Health

This information, from Stats NZ, remains unchanged – since 2014.

Between 1996 and 2006, health expectancy at birth increased 1.7 years for females and 2.7 years for males

  • Health expectancy at birth increased steadily for all females between 1996 and 2006, from 67.5 years to 69.2 years.
  • Health expectancy for all males increased over the same period, from 64.7 years to 67.4 years, closing the gender gap most rapidly between 2001 and 2006.
  • Changes in health expectancy occur over long timeframes.

This data is from the NZ Progress Indicator – Statistics New Zealand

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Information from the OECD provides a fuller picture on our health

OECD Chronic Health Risk factors

(i) Smoking: lower rate than the OECD average of 20.9%

(ii) Excessive Weight Gain: higher than the OECD average –

  • NZ obesity rate is 27.8% OECD 17.2%.
  • Obesity’s prevalence foreshadows increases in the occurrence of health problems
  • such as diabetes
  • cardiovascular diseases and
  • asthma

Overall this contributes to higher health care costs

OECD – Comparative spending on health care

  • Health spending is estimated at 10.3% of GDP – higher than the OECD average of 9.4%.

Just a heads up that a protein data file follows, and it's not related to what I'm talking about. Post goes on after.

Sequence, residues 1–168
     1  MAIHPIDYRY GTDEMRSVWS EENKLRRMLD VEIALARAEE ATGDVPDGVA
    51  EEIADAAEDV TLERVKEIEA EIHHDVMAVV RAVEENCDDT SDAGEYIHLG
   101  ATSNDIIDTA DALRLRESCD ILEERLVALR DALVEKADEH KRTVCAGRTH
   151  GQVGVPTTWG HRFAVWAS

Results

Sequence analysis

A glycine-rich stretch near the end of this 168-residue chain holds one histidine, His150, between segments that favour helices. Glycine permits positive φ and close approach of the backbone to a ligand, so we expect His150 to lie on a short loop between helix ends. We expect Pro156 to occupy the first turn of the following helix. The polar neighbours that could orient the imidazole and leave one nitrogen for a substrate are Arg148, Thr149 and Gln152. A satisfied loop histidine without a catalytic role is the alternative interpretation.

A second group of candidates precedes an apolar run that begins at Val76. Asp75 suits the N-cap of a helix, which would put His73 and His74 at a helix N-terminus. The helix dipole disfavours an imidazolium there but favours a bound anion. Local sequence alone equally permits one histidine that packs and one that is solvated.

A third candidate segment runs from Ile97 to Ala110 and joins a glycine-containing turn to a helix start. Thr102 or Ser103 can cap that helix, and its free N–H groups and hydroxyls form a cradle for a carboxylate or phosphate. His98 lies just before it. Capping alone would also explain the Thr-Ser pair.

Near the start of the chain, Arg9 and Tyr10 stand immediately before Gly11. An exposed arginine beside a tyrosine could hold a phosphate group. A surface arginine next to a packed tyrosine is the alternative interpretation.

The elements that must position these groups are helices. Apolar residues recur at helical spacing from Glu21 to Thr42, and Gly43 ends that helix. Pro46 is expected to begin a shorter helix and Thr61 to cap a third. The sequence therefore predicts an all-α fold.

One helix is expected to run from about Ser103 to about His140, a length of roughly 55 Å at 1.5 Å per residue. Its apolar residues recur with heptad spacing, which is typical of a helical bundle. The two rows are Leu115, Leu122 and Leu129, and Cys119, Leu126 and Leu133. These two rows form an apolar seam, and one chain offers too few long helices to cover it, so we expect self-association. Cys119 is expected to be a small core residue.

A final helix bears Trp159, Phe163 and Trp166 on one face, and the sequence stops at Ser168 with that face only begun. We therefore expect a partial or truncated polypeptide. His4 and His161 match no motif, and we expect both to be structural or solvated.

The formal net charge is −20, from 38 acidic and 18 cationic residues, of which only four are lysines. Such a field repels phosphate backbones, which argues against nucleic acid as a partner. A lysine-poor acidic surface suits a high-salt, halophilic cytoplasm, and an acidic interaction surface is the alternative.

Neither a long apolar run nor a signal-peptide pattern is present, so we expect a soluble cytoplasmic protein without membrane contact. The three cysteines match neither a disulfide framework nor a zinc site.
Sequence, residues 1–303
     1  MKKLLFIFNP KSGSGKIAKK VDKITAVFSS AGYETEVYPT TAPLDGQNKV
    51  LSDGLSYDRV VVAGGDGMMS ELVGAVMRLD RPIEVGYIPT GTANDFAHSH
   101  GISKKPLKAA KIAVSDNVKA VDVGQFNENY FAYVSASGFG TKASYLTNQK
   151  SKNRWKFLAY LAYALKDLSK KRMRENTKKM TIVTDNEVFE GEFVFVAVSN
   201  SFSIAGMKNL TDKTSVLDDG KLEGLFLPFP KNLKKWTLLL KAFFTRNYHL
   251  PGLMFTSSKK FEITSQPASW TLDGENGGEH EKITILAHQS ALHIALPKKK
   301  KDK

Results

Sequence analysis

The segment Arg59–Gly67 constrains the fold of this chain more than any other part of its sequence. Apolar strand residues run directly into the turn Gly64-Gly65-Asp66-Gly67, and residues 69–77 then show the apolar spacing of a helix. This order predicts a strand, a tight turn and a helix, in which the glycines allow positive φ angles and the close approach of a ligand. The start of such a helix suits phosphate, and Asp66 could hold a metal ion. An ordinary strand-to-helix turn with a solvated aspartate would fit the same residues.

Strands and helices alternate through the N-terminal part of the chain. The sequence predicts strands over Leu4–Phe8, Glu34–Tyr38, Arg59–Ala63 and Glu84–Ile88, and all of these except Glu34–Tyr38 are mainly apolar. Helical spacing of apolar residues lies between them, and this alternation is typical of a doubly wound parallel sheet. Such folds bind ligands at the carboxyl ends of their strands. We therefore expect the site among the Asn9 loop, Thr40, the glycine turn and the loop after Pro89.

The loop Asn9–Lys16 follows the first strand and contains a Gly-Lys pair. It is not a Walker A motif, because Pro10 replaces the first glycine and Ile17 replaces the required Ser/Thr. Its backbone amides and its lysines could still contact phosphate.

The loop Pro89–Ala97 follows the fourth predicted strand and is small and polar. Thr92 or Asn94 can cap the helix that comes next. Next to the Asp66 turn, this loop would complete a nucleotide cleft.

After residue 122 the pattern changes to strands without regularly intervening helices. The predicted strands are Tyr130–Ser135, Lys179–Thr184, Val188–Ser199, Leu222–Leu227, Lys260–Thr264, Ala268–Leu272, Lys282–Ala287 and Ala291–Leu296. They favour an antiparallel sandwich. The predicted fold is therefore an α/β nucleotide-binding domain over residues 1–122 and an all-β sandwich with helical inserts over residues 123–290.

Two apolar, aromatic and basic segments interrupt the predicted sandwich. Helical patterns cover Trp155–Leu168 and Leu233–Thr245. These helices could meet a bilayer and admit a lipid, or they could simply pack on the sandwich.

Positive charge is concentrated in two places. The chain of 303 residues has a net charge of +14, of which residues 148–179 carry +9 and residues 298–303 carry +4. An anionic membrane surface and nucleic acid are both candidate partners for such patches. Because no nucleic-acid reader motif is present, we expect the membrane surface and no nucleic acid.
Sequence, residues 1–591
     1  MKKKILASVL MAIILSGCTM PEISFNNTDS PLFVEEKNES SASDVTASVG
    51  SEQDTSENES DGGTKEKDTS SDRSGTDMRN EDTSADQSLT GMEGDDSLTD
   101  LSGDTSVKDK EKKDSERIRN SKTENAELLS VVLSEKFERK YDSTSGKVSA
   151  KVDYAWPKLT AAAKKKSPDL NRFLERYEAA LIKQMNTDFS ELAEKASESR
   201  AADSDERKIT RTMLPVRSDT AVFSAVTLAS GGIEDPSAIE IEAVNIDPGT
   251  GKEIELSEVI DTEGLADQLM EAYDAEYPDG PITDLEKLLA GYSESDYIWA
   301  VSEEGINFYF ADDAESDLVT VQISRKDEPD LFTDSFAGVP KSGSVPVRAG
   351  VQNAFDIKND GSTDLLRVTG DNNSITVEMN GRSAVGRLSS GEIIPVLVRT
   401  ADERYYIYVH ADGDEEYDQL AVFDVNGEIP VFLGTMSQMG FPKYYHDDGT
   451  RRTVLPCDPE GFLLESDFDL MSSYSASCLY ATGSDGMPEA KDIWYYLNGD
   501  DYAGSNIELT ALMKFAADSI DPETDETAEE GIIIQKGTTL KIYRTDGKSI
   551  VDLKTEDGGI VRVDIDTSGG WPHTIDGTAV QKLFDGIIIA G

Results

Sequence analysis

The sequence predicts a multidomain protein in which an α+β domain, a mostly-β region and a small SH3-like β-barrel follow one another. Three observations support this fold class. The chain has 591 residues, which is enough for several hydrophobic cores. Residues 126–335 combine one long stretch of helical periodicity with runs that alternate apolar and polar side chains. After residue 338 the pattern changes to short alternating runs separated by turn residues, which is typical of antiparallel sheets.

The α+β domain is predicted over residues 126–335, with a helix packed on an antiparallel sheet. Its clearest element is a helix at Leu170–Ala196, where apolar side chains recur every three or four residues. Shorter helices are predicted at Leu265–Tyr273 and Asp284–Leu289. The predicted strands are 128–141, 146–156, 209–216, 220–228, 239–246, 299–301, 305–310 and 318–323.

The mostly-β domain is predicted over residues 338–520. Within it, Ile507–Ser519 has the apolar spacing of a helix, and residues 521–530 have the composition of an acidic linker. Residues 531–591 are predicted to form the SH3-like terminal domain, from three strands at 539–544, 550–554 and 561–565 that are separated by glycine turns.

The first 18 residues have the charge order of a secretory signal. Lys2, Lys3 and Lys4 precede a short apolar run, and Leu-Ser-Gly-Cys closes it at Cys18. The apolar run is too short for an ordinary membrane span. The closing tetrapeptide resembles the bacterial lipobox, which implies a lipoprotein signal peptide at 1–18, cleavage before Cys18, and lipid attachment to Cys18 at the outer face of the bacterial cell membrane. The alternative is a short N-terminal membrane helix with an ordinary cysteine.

• below the OECD average in terms of total health spending per person, at 3 182 USD in 2011, compared with an OECD average of 3 322 USD.
  • Between 2000 and 2010, total health spending in New-Zealand increased in real terms by 5.1% per year on average, a faster rate than the OECD average of 4.0%.
  • This growth rate then slowed down to less than 2.0% per year between 2010 and 2011.

OECD – Comparative spending on health care

  • Health spending is estimated at 10.3% of GDP – higher than the OECD average of 9.4%.
  • below the OECD average in terms of total health spending per person, at 3 182 USDin 2011, compared with an OECD average of 3 322 USD.
  • Between 2000 and 2010, total health spending in New-Zealand increased in real terms by 5.1% per year on average, a faster rate than the OECD average of 4.0%.
  • This growth rate then slowed down to less than 2.0% per year between 2010 and 2011.